Hi Jörgen! How are you doing?
JK: I'm well, thanks! The sun is out, and I have some time to chill and do a bit of reading. I kind of overdid it with my pre-vacation book shopping this year, and now I'm struggling to keep up :)
You live in Sweden, how is life over there at the moment? Did your summer change because of the Covid-19 situation?
JK: We had plans to go to Portugal this summer, originally. But when Covid-19 hit, we quickly decided to stay in Sweden. Which, as it turned out, was what the government decided we should do also. I've had a great summer with my family, staying close to the ocean and just kicking back.
Speaking of summer, congrats on the new album' Invincible Summer'! It's a powerful name if we consider these strange and difficult times around the world. In the album description you shared that it came from a quote by Albert Camus, please tell us more about that!
JK: Thanks! The quote from Camus is, "In the midst of winter, I found there was, within me, an invincible summer." I've carried it round in my head for a few years. To me, it describes what happened inside of me when I met my wife, and we later turned our two small families into a more regular sized one. Like, there was a thawing happening. In the context of Covid-19, I think the quote speaks of hope and perseverance. Things can seem very bleak, and there's so much heartbreak, loss, and fear. But even this is not forever.
What was your process and influences for writing this album?
JK: The album is made up of tracks I've collected over maybe six months or so. They are meant to capture memories or remembered emotions and moods from time spent with my family traveling in the summer. The track titles are places we've been to, mostly. In a way, the album is a love letter to my family, as cheesy as that may sound. Gear wise, it's mostly my OP-1 and a few guitar pedals. I've been making stuff on the fly, on trains, in summer cabins, wherever. Then I've resampled things through pedals, slowed them down, things like that.
There's so much music I listen to all the time. I don't think I had any specific artists that I tried to emulate on this album. But I've been listening to a lot of H. Takahashi, Federico Durand, Green-House, Laraaji, Josh Mason, Senoy, Julia Bloop, Lungfulls, and xJK. lately. Currently, I'm on a bit of a lofi tangent. We'll see how that affects upcoming projects.
This album feels deeply meditative. How do you approach making this type of music?
JK: First of all, that's a great compliment to me. Thanks! I don't know that it's something I do on purpose, that meditative thing. I do try to "do less" when I work on a track and just let it happen. I guess you could say I try to discover tracks rather than make them if that makes any sense. Also, the whole meditative thing could just be a reflection of my inner tempo.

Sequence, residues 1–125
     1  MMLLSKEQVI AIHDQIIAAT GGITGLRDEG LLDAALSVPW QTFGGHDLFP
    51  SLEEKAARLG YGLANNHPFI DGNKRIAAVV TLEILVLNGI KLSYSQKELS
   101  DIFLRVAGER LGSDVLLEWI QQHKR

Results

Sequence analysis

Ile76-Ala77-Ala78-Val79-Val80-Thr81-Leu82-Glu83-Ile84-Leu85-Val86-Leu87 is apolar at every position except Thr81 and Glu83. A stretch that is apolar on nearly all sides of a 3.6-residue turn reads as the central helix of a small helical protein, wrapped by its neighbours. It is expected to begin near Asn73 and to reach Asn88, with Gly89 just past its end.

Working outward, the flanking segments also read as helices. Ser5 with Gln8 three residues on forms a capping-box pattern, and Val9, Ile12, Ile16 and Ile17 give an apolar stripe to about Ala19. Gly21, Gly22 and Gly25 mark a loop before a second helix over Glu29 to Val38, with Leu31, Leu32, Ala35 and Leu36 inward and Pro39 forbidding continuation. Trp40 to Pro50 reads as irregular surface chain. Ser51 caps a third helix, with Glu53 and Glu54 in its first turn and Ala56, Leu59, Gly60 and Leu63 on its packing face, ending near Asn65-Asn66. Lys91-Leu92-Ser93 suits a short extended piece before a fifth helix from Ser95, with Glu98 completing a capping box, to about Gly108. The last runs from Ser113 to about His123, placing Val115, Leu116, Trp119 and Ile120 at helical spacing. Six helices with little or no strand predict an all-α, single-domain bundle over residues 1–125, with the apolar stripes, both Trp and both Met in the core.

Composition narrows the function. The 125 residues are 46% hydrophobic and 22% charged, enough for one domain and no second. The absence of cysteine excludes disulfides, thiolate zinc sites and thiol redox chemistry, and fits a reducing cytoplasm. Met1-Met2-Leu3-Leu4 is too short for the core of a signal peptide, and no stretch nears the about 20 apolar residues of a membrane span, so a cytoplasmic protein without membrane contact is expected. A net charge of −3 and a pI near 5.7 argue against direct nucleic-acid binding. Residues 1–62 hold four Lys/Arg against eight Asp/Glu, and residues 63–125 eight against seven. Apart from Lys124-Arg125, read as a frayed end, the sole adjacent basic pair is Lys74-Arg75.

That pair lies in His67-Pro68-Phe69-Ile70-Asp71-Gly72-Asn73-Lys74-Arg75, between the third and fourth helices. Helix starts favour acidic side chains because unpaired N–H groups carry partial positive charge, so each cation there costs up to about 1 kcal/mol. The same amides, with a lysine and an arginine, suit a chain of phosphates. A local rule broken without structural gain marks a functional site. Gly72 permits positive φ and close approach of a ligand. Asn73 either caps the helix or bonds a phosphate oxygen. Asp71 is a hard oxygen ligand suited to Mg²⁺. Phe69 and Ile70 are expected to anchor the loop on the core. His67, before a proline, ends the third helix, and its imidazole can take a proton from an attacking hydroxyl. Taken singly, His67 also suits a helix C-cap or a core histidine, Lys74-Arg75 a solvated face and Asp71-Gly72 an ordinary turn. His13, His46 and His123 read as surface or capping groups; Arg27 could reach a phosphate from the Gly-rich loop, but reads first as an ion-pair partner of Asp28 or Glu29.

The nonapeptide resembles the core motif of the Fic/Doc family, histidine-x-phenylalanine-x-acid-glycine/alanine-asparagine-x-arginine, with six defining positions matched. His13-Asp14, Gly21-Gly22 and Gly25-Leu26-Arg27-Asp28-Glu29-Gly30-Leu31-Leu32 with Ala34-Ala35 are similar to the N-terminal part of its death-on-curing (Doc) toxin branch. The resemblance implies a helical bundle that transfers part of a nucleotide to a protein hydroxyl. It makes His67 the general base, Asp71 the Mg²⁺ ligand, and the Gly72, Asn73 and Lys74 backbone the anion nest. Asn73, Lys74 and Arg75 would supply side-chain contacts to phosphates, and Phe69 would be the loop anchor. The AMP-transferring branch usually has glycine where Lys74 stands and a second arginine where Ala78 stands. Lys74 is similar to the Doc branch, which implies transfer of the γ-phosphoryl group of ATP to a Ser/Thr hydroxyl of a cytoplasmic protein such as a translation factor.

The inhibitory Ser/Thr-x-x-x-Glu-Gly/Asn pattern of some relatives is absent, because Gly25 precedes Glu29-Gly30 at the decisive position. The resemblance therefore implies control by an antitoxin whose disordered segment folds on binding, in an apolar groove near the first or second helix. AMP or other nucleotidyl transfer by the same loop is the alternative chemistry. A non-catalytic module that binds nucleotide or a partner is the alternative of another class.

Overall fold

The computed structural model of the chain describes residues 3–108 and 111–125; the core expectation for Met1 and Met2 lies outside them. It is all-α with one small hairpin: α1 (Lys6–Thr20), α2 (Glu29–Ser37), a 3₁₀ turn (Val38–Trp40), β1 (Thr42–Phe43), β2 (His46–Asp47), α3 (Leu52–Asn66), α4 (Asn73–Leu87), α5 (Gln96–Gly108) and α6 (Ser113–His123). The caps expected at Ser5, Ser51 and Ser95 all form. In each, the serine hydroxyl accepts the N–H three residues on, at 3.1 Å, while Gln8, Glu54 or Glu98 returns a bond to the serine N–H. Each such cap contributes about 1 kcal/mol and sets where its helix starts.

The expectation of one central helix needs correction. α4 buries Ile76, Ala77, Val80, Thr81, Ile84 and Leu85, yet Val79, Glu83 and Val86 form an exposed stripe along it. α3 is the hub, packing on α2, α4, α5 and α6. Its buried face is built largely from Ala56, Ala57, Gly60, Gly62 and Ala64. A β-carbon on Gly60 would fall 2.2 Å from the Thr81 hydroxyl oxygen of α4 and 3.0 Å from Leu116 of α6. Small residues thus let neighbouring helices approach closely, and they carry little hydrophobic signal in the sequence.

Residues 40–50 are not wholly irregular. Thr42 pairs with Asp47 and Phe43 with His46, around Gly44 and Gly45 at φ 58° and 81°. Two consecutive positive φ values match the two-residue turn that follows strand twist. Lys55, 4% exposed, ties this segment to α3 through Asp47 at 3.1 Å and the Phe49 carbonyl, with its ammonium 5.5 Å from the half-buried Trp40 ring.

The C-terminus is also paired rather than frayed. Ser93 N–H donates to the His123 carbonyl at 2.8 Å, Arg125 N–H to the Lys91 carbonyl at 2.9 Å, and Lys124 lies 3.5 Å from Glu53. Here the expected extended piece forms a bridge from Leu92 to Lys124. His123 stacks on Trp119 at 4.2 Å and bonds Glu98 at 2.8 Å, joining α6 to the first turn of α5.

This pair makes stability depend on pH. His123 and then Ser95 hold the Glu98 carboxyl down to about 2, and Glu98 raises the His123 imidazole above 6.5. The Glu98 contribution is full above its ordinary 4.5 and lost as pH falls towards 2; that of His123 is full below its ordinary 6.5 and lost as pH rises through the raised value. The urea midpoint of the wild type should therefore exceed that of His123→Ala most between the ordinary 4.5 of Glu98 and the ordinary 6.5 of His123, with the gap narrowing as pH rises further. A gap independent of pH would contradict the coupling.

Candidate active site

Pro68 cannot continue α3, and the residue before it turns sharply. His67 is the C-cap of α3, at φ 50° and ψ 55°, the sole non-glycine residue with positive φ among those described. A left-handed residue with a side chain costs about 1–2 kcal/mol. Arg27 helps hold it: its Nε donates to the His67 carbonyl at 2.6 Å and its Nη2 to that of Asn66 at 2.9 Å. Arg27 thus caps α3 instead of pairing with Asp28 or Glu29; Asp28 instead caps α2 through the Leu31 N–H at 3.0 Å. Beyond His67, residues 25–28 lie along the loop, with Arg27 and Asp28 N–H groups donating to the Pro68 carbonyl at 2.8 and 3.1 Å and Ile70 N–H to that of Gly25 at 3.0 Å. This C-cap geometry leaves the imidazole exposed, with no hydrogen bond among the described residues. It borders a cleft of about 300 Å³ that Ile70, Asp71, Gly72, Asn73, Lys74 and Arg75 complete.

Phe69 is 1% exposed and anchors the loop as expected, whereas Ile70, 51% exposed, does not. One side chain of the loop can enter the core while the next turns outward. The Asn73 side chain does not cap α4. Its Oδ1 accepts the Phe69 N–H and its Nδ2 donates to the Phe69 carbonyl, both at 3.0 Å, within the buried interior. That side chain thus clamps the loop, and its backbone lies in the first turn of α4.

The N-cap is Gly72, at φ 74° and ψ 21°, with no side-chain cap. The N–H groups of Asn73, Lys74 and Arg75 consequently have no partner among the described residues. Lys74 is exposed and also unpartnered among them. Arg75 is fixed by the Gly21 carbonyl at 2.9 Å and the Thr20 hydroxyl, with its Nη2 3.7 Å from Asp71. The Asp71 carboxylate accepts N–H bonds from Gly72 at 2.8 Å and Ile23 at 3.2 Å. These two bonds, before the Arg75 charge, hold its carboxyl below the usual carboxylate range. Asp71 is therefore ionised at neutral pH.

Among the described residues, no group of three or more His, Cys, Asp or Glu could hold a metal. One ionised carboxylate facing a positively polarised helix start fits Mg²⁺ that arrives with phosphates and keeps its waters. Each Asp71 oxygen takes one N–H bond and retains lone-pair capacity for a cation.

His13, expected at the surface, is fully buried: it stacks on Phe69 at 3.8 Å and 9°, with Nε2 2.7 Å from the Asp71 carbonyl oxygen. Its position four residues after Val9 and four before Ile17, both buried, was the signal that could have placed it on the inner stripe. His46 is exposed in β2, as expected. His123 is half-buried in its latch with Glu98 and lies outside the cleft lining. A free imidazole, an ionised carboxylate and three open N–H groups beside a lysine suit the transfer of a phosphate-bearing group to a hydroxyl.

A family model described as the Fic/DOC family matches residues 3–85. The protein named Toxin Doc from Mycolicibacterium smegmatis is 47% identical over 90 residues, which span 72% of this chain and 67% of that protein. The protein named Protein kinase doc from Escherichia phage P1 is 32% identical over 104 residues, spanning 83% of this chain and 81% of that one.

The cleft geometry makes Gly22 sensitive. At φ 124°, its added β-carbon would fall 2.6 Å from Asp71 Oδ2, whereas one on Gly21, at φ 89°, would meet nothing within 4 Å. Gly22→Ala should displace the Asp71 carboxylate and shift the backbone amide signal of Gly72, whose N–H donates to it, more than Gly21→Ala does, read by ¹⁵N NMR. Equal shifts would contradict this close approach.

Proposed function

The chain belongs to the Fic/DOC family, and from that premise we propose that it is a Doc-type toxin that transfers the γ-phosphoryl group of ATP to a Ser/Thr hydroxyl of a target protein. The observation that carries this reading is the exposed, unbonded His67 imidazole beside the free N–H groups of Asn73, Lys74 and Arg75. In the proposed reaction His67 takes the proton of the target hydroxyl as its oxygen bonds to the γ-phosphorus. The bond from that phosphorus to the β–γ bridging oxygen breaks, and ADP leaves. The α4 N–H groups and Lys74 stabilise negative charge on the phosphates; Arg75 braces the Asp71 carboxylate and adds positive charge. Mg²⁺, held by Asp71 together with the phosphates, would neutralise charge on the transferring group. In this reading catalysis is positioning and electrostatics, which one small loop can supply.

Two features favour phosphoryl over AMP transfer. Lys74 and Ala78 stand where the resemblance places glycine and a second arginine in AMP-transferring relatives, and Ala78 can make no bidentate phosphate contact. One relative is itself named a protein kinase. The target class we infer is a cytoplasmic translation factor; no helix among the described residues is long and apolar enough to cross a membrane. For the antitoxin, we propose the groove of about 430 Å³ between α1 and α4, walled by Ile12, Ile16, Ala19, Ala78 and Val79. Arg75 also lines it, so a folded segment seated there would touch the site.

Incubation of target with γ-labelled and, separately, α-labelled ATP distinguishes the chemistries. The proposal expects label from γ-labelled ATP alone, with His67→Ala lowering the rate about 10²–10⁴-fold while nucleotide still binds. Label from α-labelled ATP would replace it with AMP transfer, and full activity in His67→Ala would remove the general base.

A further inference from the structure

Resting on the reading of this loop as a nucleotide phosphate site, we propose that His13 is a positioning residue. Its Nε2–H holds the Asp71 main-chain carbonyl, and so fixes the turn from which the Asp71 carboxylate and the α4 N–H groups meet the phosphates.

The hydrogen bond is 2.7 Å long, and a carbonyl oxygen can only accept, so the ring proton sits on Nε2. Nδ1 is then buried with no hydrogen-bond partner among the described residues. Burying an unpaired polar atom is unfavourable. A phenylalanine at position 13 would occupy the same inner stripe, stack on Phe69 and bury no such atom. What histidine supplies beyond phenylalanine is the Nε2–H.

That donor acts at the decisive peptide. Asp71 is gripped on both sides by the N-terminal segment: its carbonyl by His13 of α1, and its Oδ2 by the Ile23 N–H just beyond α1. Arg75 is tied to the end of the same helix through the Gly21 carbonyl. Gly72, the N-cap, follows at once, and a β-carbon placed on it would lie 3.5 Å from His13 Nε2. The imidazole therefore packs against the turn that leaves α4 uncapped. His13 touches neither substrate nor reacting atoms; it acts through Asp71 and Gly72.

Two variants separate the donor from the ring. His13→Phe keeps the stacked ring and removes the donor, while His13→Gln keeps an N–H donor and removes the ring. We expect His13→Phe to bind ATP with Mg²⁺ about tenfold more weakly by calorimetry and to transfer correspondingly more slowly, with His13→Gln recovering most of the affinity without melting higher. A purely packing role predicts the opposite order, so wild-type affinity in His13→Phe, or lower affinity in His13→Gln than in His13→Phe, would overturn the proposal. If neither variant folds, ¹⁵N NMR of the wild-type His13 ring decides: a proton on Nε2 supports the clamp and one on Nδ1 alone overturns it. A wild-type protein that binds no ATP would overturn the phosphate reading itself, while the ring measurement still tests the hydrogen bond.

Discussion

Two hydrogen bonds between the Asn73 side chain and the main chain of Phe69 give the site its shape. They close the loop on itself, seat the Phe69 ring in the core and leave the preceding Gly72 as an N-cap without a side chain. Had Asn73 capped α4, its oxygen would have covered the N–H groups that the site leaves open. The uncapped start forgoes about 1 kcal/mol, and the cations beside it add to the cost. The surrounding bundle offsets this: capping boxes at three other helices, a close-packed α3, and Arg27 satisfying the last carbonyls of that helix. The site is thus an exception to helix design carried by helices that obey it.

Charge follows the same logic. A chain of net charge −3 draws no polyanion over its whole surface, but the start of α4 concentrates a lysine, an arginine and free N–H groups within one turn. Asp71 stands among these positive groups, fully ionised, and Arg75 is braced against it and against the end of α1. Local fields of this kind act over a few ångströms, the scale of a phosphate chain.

What would you say are the ideal listening conditions for this album?
JK: Probably when you're moving. Train rides should be good, but also walks along water or in the forest. And maybe early in the morning?
Do you have a personal favorite track on the record? Which one would it be and why?
JK: Evening Lul, I think. Such a banger!
You have a track on the PITP comp "Healing Sounds II", how do you see music and charity work fitting together? What are your thoughts on helping people in need through art?
JK: I was very honored to be asked to contribute a track on that comp. As an artist, I think there are a few good things about projects like that. You get to help to raise money and help people in need, and at the same time, your music may offer some solace to the listener. In times like these, when the world seems filled to the brim with worry, I hope ambient music can have a function beyond your average "work focus" playlist scenario.
You are part of a music duo called Little Boxes. How do you approach working in a pop duo compared to your solo ambient project?
JK: Little Boxes is the band I have with my wife, and it's completely different than my ambient stuff. We do a more electronic pop kind of a thing, where I get to sing harmony and play guitar and stuff in a more structured setting. My wife is a great singer and producer and writes great lyrics. The original idea was to see how much of a ruckus we could make between the two of us. Quite a bit, it turns out. It is also an awesome way to spend time with someone you love. You just open a bottle of red, fire up the gear, and make an evening out of it. Then there's the collaborative aspect, where the end result is something that we'd never had come up with on our own.